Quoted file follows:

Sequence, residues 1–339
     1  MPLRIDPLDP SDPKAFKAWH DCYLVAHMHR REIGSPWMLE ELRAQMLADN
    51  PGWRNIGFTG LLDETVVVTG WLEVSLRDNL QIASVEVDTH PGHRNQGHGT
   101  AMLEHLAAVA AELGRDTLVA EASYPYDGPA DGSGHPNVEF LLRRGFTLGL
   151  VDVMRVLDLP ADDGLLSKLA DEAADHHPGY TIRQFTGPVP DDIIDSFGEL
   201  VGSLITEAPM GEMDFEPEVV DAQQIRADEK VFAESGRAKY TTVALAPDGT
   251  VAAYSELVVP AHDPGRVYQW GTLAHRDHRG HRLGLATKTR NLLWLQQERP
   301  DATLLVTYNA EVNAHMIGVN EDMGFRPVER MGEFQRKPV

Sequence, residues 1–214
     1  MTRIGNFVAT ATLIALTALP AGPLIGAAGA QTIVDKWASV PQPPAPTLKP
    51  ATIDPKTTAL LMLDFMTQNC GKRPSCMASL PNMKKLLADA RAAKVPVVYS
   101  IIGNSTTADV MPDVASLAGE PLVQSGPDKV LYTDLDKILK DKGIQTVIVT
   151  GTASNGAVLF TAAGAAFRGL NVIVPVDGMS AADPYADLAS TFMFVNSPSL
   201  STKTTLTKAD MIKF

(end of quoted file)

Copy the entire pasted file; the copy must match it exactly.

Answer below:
Sequence, residues 1–339
     1  MPLRIDPLDP SDPKAFKAWH DCYLVAHMHR REIGSPWMLE ELRAQMLADN
    51  PGWRNIGFTG LLDETVVVTG WLEVSLRDNL QIASVEVDTH PGHRNQGHGT
   101  AMLEHLAAVA AELGRDTLVA EASYPYDGPA DGSGHPNVEF LLRRGFTLGL
   151  VDVMRVLDLP ADDGLLSKLA DEAADHHPGY TIRQFTGPVP DDIIDSFGEL
   201  VGSLITEAPM GEMDFEPEVV DAQQIRADEK VFAESGRAKY TTVALAPDGT
   251  VAAYSELVVP AHDPGRVYQW GTLAHRDHRG HRLGLATKTR NLLWLQQERP
   301  DATLLVTYNA EVNAHMIGVN EDMGFRPVER MGEFQRKPV

Sequence, residues 1–214
     1  MTRIGNFVAT ATLIALTALP AGPLIGAAGA QTIVDKWASV PQPPAPTLKP
    51  ATIDPKTTAL LMLDFMTQNC GKRPSCMASL PNMKKLLADA RAAKVPVVYS
   101  IIGNSTTADV MPDVASLAGE PLVQSGPDKV LYTDLDKILK DKGIQTVIVT
   151  GTASNGAVLF TAAGAAFRGL NVIVPVDGMS AADPYADLAS TFMFVNSPSL
   201  STKTTLTKAD MIKF